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ERIC Number: ED185179
Record Type: RIE
Publication Date: 1973
Pages: 29
Abstractor: N/A
Reference Count: 0
The Sex Assumption in Task Allocation.
DiCanio, Margaret; Johnson, Gordon
A questionnaire dealing with sex role related household task performance was administered to 284 individuals who were randomly selected from the Memphis (Tennessee) City Directory. The questionnaire was designed to explore both attitudes regarding who "should" carry out 29 different household tasks, and who actually carried out each task in the households of the individuals interviewed. The worker categories included: woman, man, either sex, shared by both sexes, boy, girl, and all. Data were also collected on race, church affiliation, education and, in some cases, income. Sixty-three percent of the respondents were black and 37 percent were white. The results confirm that assumptions made by sociologists about sex roles are essentially valid: twenty out of 29 tasks have a modal response that assigns the task to one sex or another. There is some indication, however, that the women's movement has caused changed in sex role expectations, with both a smaller proportion of tasks being performed by only women (40 percent, as opposed to a 1968 estimate of 75-85 percent), and a significant proportion of tasks being shared by both sexes or all family members. (GC)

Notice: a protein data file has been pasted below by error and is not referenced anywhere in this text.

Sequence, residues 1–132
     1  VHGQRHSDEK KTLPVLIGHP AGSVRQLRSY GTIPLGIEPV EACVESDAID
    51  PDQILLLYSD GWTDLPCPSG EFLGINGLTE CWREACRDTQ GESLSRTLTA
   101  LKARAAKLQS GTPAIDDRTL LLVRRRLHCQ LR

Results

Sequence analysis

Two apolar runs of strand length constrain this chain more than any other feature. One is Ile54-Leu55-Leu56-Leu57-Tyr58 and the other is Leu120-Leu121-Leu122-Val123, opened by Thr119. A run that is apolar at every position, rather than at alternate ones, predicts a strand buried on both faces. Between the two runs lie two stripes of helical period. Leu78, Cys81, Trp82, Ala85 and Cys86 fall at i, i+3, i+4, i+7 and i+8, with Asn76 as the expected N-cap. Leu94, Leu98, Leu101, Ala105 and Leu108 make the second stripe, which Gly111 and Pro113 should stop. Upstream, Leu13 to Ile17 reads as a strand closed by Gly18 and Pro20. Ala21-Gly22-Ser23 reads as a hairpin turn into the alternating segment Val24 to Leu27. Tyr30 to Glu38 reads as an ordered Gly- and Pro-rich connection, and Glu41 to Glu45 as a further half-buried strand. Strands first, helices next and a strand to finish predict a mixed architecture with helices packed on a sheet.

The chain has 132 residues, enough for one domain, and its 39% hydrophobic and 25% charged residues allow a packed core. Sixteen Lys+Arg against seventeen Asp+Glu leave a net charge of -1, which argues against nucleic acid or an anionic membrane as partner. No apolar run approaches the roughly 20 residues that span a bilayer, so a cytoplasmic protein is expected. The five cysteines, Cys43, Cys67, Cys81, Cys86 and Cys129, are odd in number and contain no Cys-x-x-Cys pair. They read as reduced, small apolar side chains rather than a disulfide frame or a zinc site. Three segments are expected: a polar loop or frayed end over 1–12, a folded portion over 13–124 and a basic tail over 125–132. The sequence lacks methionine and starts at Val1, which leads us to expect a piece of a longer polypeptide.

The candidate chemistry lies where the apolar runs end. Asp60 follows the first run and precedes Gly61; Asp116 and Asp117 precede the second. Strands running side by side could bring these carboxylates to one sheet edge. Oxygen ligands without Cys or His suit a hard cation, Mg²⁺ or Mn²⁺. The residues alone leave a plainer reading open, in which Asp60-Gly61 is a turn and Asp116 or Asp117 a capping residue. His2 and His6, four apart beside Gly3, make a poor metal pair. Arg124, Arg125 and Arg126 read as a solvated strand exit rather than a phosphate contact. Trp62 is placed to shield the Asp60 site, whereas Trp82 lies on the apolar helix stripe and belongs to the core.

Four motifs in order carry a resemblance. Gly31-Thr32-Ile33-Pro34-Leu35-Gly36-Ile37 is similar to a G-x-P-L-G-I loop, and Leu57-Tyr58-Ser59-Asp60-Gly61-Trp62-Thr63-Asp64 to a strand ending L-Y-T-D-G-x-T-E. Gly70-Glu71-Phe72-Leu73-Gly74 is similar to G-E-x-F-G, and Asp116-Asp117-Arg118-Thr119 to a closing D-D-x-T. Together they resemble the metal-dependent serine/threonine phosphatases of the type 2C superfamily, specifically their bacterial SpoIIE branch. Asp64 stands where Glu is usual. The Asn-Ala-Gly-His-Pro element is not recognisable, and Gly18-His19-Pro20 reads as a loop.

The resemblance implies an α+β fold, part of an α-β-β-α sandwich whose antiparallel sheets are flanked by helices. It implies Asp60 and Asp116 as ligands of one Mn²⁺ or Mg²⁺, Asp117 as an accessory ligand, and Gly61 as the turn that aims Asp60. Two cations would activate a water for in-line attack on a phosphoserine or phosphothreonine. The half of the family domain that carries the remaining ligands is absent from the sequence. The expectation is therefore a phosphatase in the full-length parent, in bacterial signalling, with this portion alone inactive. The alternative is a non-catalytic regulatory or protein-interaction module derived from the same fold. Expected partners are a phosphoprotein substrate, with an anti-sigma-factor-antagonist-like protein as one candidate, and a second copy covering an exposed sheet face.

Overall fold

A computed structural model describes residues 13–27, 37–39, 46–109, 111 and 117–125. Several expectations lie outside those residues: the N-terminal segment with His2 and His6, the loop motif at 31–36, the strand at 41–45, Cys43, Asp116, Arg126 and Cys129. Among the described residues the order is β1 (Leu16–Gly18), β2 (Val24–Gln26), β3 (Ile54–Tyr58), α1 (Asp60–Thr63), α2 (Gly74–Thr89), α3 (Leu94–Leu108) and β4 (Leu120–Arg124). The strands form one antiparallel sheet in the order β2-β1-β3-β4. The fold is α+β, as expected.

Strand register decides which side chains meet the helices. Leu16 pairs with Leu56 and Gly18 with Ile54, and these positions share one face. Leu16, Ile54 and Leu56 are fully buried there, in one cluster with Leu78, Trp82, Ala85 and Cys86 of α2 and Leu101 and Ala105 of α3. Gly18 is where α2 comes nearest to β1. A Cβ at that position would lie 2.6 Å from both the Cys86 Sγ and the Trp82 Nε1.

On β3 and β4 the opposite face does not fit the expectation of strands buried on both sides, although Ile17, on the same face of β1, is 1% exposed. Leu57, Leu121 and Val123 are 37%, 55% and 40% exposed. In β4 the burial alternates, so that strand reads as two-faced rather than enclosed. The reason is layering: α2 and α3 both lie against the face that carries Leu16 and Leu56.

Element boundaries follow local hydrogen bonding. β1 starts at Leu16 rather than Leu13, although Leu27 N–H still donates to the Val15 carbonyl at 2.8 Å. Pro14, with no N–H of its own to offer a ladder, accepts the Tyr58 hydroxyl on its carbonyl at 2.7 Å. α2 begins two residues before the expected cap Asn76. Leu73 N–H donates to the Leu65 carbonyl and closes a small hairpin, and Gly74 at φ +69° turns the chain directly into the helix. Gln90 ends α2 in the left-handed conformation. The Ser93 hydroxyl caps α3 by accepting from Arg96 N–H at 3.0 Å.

Publication Type: Reports - Research
Education Level: N/A
Audience: N/A
Language: English
Sponsor: N/A
Authoring Institution: N/A
Note: Not available in paper copy due to broken print